GM-Ford rivalry extends to choosing sides in stock market
Loyalties run deep when it comes to domestic car brands.
Some would rather push a Ford than drive a GM. To others, a GM in the
driveway is a glistening thing of beauty.
But when it comes to deciding between Ford and General Motors stock,
emotions have no place.
Investors hoping to bet on the anticipated recovery of U.S. auto sales
are weighing if Ford (F) or GM (GM) deserves a parking spot in their
portfolio. Now that GM has emerged from bankruptcy and has been publicly
traded again for three weeks, the decision of Ford vs. GM stock is back.
Choosing between the stocks requires seeing how the automakers match up
on stock valuation, strategy and positioning in the marketplace. "It's
impossible to analyze GM without comparing it with Ford," says Jason
Alper, analyst at BTIG.
Thanks to cost-cutting and, in GM's case, a trip to bankruptcy court,
both companies say they can sell cars profitably even if U.S. car sales
stay soft next year. Still, while both stocks are plays on increasing
car demand, the companies are in very different places and there are
countless considerations for investors to deal with. To help, here are
the cases for both Ford and GM stock.
The case for GM
GM is back on Wall Street, but it looks very different this time. Key
changes during the restructuring make it a compelling investment despite
its troubled past, Alper says.
Trading less than $2 above its initial offering price of $33 a share
makes GM a value, Alper says. GM's stock price could be $47.50 in a year
based on his estimates of what the company might earn next year, he
says. Alper estimates that even with a tepid recovery in U.S. car sales,
GM can earn $5.30 a share in 2011, up from just 24 cents a share over
the past 12 months. If he's right, that would give GM a
price-to-earnings ratio of 6.5, which is well below Ford's expected 8.1 P-E.
During the bankruptcy, GM slashed its pile of long-term debt from $100
billion to less than $5 billion and shed four large divisions, including
Saab and Pontiac. Those changes plus renegotiations with the union mean
GM saves several hundred dollars of costs per car sold, he says.
So even if GM continues to lose market share in the U.S., it can break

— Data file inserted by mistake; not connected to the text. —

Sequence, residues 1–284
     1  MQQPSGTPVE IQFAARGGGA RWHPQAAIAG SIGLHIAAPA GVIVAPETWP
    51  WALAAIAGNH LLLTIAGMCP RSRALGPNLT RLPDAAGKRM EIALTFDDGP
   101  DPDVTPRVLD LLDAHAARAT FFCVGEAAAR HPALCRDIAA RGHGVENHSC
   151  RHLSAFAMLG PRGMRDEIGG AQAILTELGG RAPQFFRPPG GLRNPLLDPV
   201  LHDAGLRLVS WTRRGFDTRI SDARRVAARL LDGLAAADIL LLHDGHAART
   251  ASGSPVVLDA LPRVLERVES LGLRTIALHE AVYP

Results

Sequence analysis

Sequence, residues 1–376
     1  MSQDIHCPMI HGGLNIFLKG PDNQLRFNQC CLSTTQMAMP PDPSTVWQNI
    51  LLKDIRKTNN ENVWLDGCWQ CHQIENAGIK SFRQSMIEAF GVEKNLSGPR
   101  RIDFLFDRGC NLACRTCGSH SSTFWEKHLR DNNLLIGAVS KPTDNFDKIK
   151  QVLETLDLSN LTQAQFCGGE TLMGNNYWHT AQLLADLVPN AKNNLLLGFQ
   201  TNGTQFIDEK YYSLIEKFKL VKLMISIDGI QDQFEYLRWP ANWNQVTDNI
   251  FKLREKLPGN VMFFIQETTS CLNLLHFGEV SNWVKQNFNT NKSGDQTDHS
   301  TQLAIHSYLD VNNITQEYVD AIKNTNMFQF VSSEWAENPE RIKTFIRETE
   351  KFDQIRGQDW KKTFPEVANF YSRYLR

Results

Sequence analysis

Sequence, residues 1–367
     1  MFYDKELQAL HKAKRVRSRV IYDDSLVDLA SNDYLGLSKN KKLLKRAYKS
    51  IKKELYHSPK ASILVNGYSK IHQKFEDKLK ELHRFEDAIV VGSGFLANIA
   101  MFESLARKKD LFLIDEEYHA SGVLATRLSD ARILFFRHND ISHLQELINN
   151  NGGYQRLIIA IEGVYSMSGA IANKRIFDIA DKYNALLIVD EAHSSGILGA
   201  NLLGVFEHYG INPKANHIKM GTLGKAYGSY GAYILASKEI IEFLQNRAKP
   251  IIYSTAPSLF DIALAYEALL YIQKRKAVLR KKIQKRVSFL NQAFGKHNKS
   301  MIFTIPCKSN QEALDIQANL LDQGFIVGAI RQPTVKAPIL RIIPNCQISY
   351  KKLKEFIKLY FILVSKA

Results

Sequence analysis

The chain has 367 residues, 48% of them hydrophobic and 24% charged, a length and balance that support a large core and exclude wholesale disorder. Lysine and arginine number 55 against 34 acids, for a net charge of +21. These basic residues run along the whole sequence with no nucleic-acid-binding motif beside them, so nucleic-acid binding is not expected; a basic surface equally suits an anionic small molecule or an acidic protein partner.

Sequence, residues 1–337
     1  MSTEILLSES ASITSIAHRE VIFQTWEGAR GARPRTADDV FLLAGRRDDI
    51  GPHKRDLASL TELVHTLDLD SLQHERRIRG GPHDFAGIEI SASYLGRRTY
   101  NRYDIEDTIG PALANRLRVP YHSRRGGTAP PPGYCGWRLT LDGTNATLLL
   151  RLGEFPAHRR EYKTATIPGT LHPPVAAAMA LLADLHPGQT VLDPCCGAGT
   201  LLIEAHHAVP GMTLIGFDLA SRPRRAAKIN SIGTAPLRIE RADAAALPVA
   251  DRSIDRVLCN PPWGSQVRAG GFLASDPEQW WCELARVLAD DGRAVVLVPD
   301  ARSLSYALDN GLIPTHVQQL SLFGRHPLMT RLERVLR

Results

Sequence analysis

even if only between 10 million and 11 million cars are sold in the
country yearly. That's a much easier hurdle than the nearly 15 million
to 16 million in yearly U.S. car sales GM needed just to break even
before, Alper says. "This is a massive positive change to the cost
structure," he says.
The knock against GM
Some consumers, disgusted by the bailout, have "crossed GM off their
list," says Efraim Levy, stock analyst at Standard & Poor's. Also, based
on Wall Street estimates, GM is expected to earn $3.90 a share next
year. Based on that, GM investors are paying $8.83 for every $1 in
expected earnings. That's a premium to the $8.14 investors are paying
for every $1 of earnings Ford is expected to generate in 2011, Thomson
Reuters says. Levy rates GM a hold, as well as Ford. "I'm not buying at
these prices," he says.
The case for Ford
Even though the U.S. car market plummeted in 2009 to its worst year
since the early 1980s, Ford didn't take government bailout money.
That might just sound like a point of company pride, but Ford's strength
amid the crisis has spurred many car buyers who might not have
considered Ford before to take a look at its products, says William
Selesky, analyst at Argus Research, who rates Ford a buy. Much of Ford's
gains have come at GM's expense.
Meanwhile, while GM had to focus on restructuring, Ford has already
tuned up its product lineup and has vehicles U.S. consumers want, says
Steven Dyer, analyst at Craig-Hallum Capital. "Long term, Ford is where
I put my bet," he says.
The knock against Ford
Ford's recovery hasn't gone unnoticed by investors, who have pushed the
stock up 67% this year to $15.94. Furthermore, the company will need to
compete against GM, which has shed a massive chunk of debt and has some
lingering tax benefits. After such a run in the stock, S&P's Levy cut
Ford to a hold rating because there's not much upside to his one-year
$17-a-share price target.
But above all, this is a battle that will be settled in the dealers'
showrooms. S&P's Levy thinks the U.S. auto sales recovery is just
getting started as consumers replace their aging rust buckets.
"You need to have a vehicle lineup that's well received by the public,"
Selesky says. "That's what it comes down to."
"Your first, last, and only line of defense-a Cohort of Roman Heavy
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